Academic journal article Academy of Accounting and Financial Studies Journal

Prospect Theory and Risky Choice in the Ecommerce Setting: Evidence of a Framing Effect

Academic journal article Academy of Accounting and Financial Studies Journal

Prospect Theory and Risky Choice in the Ecommerce Setting: Evidence of a Framing Effect

Article excerpt

INTRODUCTION

According to Forrester Research, Inc., online retail sales will grow to $370 billion by 2017. (Forte, 2017) The major impediments to the growth of ecommerce are the concerns of the consumer that impede the development of trust. Odom et al. (2002) identified seven specific concerns of the consumer: security of the transaction, privacy of information, legitimacy of seller, quality of the product/service, documentation adequacy, price fairness and customer service availability. (Odom et al., 2002) The online retailers must address these concerns in order to increase their market share in this time of explosive growth of the business-to-consumer (B2C) ecommerce. Established "brick and mortar" retailers that extend to the online environment can rely partly on their prior experience and reputation to help expand to online retail sales.

Studies have shown that trust in an online retailer is enhanced by brand equity. (Ambler, 1997; Grewal, Munger, Iyer and Levy, 2003) The new or unknown vendor must find other ways to address the concerns of the consumers on their websites and foster trust with the potential online consumer. McKnight et al. (1998) defined trust between unknown parties as initial trust. Perceptions of the structural characteristics of the Internet, such as attempts to communicate and ensure safety and security, can influence trusting beliefs and trusting intentions. (McKnight et al., 2002) In this study, assurance structures will refer to statements, promises, guarantees, logos, symbols and any other structural components of a website intended by the vendor to reduce perceptions of risk in transacting on their website. The model of initial trust formation outlined in McKnight et al. (2002) drew from the institutional-based trust theory of Shapiro. (Shapiro, 1987)

In institutional-based trust theory, structural assurance provided a means by which unfamiliar actors were able to participate in cooperative exchanges without the benefit of prior experience. The study of assurance structures is particularly important in the framework of unfamiliar vendors in that consumers do not have experience with the vendor in which to formulate prospects of outcomes from the transaction.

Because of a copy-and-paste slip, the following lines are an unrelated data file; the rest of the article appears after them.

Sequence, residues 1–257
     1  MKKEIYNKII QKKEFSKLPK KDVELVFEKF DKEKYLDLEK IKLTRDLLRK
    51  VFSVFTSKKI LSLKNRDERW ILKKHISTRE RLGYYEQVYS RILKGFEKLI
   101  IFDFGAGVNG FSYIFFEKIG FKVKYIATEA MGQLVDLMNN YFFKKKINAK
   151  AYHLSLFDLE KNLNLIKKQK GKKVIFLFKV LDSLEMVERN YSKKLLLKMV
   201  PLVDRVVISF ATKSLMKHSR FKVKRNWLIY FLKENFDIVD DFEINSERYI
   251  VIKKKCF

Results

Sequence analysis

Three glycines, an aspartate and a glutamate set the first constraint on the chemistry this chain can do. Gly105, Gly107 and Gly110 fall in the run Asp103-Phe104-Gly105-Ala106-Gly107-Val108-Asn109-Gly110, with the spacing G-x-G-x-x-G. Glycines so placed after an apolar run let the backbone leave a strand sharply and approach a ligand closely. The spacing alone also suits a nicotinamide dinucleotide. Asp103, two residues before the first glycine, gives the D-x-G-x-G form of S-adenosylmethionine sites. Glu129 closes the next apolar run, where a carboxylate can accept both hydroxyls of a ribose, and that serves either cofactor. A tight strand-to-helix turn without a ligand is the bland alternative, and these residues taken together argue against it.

Prospect Theory (PT) (Kahneman and Tversky, 1979) addresses how the decision maker formulates the perceived problem domain. This theory has been tested in a variety of contexts and the findings have been robust in support of framing effects. (Chang, 2002; Kessler, Ford and Bailey, 1996; Kuhberger, 1995; Kuhberger, Schulte-Mechklenbeck and Perner, 1999; Lim, 1995; Olsen, 1997; Quiggin, 1993; Rose et al., Spring 2004; Tversky and Kahneman, 1986; Van Schie and Van Der Pligt, 1995)

Given the perceived risky nature of ecommerce transactions, the testing of this theory of risky choice, or choice under uncertainty, would increase understanding of purchasing behavior in ecommerce. No evidence exists pertaining to the interactive effects on purchase behavior, if any, of framing effects and the presence of assurance structures in an ecommerce purchase decision. According to Behavioral Decision Theory (BDT), when the problem domain is perceived to be a gain domain, the consumer should be more risk-averse and less likely to make a purchase. (Kahneman and Tversky, 1979) The presence of assurance structures on the website could reduce perceived risk and the risk adverse tendencies of consumers may be moderated such that the choice shifts attributed to framing are reduced or eliminated. However, when the problem is framed as a loss, BDT would predict that consumers would be risk seeking so assurance should be less effective.

Retailers on the web can influence frames by the use of certain words and marketing techniques. When a website markets a product with a limited availability or implies that not buying this product will produce some type of harm, injury or loss to the potential consumer, they are employing a negative message. …

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